The madness of man-scaping

SUBCULTURE SLEUTH | Whether you are chav or posh boy, hipster or hooligan, Kiwi or Brit, there is one thing that men across the world have in common – image is everything, especially in a cultural melting pot like London. PAUL BLEAKLEY investigates.

 
 

Rylan Clark

THERE is one thing men across the world have in common – regardless if you are chav or posh boy, hipster or hooligan, Kiwi or Brit – image is everything, especially in a cultural melting pot like London.

A trend has emerged in recent times taking this urge to fit into society to another level entirely: man-scaping.

Dressing to match your chosen peer group is one thing, running the spectrum from tracksuit to top hat. Man-scaping, however, focuses on the more delicate and subtle aspects of a man’s presentation. Plucked eye-brows and fake tan complement the frosted tips and, on occasion, ‘guy-liner’ that has been carefully selected to ensure the modern man is at his aesthetic peak when facing the world.

It would be easy to blame over-the-top British television programs like The Only Way Is Essex and pseudo-celebrities like Rylan Clark for this boom in the popularity of man-scaping, but let’s be serious for a moment. This trend began long before TOWIE premiered and when Rylan was still working in a Take That tribute act in Tenerife.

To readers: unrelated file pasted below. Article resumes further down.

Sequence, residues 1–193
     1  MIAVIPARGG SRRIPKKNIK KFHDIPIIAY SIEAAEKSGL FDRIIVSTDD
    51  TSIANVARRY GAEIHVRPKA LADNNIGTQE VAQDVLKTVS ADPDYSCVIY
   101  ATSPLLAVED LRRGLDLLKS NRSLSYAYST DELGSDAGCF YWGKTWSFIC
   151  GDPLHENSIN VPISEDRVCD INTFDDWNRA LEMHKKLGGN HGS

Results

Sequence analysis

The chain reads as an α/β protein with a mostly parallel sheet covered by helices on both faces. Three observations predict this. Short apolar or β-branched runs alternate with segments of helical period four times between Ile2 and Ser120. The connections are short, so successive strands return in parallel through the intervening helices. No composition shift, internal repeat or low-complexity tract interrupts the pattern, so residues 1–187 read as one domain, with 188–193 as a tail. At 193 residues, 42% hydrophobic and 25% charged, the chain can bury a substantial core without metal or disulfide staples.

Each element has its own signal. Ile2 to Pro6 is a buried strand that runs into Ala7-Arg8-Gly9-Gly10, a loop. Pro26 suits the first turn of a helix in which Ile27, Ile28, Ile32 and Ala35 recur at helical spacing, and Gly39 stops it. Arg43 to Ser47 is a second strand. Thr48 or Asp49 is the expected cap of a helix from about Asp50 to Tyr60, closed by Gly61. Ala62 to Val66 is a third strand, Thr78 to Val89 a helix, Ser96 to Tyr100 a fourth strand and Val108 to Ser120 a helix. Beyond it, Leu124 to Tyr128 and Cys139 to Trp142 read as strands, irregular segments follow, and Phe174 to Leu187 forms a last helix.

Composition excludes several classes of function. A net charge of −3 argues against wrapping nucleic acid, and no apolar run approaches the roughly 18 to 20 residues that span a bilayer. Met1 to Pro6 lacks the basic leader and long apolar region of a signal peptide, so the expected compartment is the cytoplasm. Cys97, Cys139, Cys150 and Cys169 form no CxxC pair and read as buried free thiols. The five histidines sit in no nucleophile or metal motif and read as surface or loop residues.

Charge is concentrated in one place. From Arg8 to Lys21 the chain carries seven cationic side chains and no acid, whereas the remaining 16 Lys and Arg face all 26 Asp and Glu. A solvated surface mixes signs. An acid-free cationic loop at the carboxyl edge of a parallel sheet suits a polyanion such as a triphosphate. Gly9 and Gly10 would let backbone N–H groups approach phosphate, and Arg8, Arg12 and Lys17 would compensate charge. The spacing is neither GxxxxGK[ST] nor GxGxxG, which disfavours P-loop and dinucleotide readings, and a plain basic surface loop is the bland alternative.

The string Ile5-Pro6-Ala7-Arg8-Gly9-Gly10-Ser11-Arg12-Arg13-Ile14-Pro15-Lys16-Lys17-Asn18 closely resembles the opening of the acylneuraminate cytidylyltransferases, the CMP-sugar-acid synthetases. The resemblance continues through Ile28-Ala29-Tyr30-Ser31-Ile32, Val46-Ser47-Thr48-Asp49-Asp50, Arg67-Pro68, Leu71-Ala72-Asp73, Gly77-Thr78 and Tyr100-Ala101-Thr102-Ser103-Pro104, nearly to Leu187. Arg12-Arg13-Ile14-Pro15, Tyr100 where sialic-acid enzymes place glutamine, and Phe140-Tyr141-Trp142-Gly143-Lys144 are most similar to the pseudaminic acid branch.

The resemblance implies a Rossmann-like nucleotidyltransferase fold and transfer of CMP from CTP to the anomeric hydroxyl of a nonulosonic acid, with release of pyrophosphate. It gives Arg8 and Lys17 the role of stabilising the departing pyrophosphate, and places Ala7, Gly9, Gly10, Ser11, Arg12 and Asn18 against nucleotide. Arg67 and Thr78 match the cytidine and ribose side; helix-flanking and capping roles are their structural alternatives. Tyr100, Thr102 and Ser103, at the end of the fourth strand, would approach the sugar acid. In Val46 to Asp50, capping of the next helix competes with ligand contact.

Both Australian and British men man-scape because they have discovered the secret that has eluded our gender for eons: getting dolled up makes you feel good.

In the name of investigative research, my housemate and I discovered some waxing strips in the back of our share-house cupboard that appeared to be long-forgotten, and thought we would see what the fuss was all about. We heated the wax and delicately applied the sticky goo to our thighs.

Our female housemates gathered around, some cringing and others barely hiding their gleeful giggles. We gave a masculine grunt as we pulled the strips off in sync, covered in enough hair to make a rather luscious wig.

They may have laughed at the time, but our female housemates were not laughing for long: our legs still sported the bare patches weeks later, and their jealousy at our ability to maintain our wax was obvious. Sorry girls, maybe us boys were just born to be glamorous.

 
 

 
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